Home Tax News Constitutional Validity Of GST On Lease/Rent Payments: Supreme Court Refers The Matter To The Constitution Bench Of 9 Judges

Constitutional Validity Of GST On Lease/Rent Payments: Supreme Court Refers The Matter To The Constitution Bench Of 9 Judges

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Constitutional Validity Of GST On Lease/Rent Payments: Supreme Court Refers The Matter To The Constitution Bench Of 9 Judges

The supreme court has referred the issue of the constitutional validity of GST on lease/rent payments to the constitution bench of 9 judges.

The bench of Justice MR Shah and Justice Sanjay Karol has clarified that there is no stay against the recovery and it will be open to the Revenue to recover the tax in accordance with the law.

The petitioner, Myrayash Hotels Pvt. Ltd. had filed a Writ Petition before the Bombay High Court, challenging the Constitutional validity of Para 2 and Para 5(a) of the Schedule II to the Central Goods and Services Tax Act, 2017 and the Goa Goods and Services Tax Act, 2017.

The petitioner contended that under Article 246A of the Constitution of India, GST can be levied only on “goods and services”. In the case of a lease/rent agreement, there is no “service” provided by the lessor/landlord to the lessee/tenant. Thus, there can be no levy of GST on the same. Only the State Legislatures have the power to tax transactions relating to the immovable property under Entry 49 List II of the Seventh Schedule of the Constitution of India. Thus, GST cannot be levied under Article 246A on such a lease/rent transaction.

The petitioner submitted that when a lease is given by the lessor/landlord to the lessee/tenant by way of a lease all rights and enjoyment over that immovable property is denounced from the lessor/landlord to the lessee/tenant for the lease/rent period .

The Bombay High Court held that Parliament has wide powers under the residuary power of legislation and since Service Tax was enacted under the residuary power of legislation, one cannot challenge the assumption of Parliament that there is a service element is the lease of land, as long as the tax does not come within List II of the Seventh Schedule.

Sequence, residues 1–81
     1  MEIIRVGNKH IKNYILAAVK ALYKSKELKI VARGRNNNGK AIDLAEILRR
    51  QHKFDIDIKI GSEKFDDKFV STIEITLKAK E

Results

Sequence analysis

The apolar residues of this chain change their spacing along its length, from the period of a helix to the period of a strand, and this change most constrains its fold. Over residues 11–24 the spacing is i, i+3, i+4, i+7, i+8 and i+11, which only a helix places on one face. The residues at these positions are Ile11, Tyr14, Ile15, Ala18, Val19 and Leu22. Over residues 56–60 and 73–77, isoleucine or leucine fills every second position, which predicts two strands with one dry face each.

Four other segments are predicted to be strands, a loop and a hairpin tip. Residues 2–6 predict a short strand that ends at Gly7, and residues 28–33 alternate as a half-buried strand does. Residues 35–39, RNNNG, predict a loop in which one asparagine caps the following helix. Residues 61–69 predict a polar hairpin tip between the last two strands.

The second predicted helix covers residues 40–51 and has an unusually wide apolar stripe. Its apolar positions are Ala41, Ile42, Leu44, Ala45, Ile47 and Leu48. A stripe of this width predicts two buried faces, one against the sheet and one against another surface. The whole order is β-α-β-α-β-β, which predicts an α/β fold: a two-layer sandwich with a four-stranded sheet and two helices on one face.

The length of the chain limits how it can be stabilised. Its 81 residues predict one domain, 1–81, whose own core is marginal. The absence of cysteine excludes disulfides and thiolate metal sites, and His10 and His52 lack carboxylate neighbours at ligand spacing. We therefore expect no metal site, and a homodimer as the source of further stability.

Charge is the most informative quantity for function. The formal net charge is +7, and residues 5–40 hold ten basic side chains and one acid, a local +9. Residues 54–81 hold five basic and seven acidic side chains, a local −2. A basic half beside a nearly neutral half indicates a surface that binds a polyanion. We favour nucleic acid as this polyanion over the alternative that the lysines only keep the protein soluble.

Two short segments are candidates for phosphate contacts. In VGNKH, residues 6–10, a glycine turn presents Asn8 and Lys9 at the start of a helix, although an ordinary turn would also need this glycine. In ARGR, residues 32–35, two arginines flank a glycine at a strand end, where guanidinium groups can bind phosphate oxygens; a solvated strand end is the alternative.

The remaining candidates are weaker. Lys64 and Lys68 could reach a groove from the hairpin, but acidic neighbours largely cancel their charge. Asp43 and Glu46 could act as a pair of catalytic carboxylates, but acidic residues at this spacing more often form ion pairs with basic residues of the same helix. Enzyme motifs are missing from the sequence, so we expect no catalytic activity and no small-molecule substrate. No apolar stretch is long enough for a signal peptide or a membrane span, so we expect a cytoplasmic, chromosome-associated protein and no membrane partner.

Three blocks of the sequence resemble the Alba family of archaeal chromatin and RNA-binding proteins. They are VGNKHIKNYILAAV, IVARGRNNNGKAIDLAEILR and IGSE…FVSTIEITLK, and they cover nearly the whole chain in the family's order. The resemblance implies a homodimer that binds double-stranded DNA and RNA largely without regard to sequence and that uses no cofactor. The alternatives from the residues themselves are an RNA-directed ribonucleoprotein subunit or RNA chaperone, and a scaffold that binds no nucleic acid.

Challenging the order passed by the Bombay High Court as well as also challenging the constitutional validity of the levy of GST on lease/rent payments, Petitioner had filed an SLP before the Supreme Court of India.

Senior Advocate Kavin Gulati appearing for the petitioner submitted that the levy of GST on such lease/rent agreements was completely unconstitutional and that the Petitioner ought not to be made liable for payment of GST on such lease rentals/premiums/payments paid in respect of the lease.

The Supreme Court of India while granting leave to appeal filed by the Petitioner, decided to admit the Appeal and directed the Appeal to be listed before the Constitution Bench of 9 of the Supreme Court of India and tagged/connected the matter with Civil Appeal No. 4487 of 2010.

Case Title: Myrayash Hotels Pvt. Ltd. Versus Union of India & Ors.

Case No.: Special Leave to Appeal (C) No(s). 6080/2022

Date: 18-04-2023

Counsel for Petitioner: Kavin Gulati, Ishaan Patkar, Avi Tandon, Arnav Narain

Counsel For Respondent: N. Venkataraman, Arijit Prasad, Rukhmani Bobde, VCBharathi, Raghav Sharma, Vijaynand Tripathi, Vivasvan Gautam, Mukesh Kumar Maroria

Click Here To Read The Order

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